Optimisation is generally only necessary when lua modules are misused or inefficient.

Important note

"We should forget about small efficiencies, say about 97% of the time: premature optimization is the root of all evil." [1]

General guidelines

If for whatever reason your modules are exceeding the limit, you should then consider optimising.

Whenever possible[2] :

  • Use local functions or variables
  • Avoid nested functions
  • Use arrays instead of tables (hashing)
  • Use local variables instead of indexing tables

Simple optimisations such as copying a global function (e.g. string.match) may greatly improve performance of a module.

Tip: Use os.clock() before and after a code "chunk" and subtract the two results to evaluate the code section's  performance.

String vs table concatenation

When dealing with potentially huge strings, it is more efficient to add them to a table and use table.concat rather than simply using "join" or concatenating them [3].

-- This is slower
local people = {"John", "Mary", "Parker", "Sue", "Anonymous", "..."}
local text = ""
for i = 1, #people do
    if i > 1 then
        text = ", " .. text
    text = text .. people[i]

-- This is faster
local people = {"John", "Mary", "Parker", "Sue", "Anonymous", "..."}
local text = table.concat(people, ", ")

Use tables for SQL-IN alike compares

This means that instead of having a lot of if statements a better alternative is to put them all in a set-like table[4]. For example, this is a typical if structure:

local function foo(value)
    if value == "foo" or value == "bar" or value == "baz" or value == "qux"
    or value == "lorem" or value == "ipsum" then
        return "something"
    return "something else"

... and this is a more efficient, table-based one:

local function foo(value)
    local validValues = {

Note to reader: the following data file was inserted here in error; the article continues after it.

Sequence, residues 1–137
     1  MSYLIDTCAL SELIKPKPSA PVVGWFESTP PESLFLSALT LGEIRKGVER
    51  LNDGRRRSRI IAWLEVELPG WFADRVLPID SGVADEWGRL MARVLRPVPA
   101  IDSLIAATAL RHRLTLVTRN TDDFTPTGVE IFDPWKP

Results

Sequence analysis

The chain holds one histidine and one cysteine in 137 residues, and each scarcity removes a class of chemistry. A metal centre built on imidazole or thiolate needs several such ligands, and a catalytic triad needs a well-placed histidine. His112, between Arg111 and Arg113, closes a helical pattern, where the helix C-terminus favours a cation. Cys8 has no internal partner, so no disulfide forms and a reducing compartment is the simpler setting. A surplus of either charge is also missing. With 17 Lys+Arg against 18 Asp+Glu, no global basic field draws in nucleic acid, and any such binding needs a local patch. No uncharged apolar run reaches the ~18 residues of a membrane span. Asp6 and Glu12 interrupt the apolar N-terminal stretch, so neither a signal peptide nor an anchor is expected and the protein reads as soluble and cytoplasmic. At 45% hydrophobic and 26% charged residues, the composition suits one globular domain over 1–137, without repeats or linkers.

foo = true,
        bar = true,
        baz = true,
        qux = true,
        lorem = true,
        ipsum = true
    if validValues[value] then
        return "something"
    return "something else"

Note that you can use any truthy value, instead of just true.


Using too many template transclusions in a single page is one common problem that affects the speed of lua. Each invocation will count towards the lua limit.

There are multiple techniques to overcome this:

  • Consolidate - move all code to a module, and restructure it to only be called fewer times
  • Rewrite the code to be more efficient.

Change template "databases" into data modules

Making templates databases causes a lot of issues such as becoming cumbersome to use, and slower if they use parser functions. One idea is adding them to a module, as described in Lua templating/Converting Wikitext templates.

If the template is used several times on a page, consider using mw.loadData to load its data, instead of require:

      local data = mw.loadData("Module:Mystuff")
      return data[frame.args[1]]

Avoid multiple invocations to the same module

Instead of this for example:

local p = {}
function p.showpopulation(frame)
     local pop = {china= 50, australia = 20, ghana = 10}
     return pop[frame.args[1]]
return p

Do this:

local p = {}
function p.showpopulation(frame)
    local pop = {china= 50, australia = 20, ghana = 10}
    local args = frame.args
    return pop[args[1]] .." ".. (pop[args[2]] or "") .. " " ..(pop[args[3]] or "")
return p


  1. The fallacy of premature optimization. .

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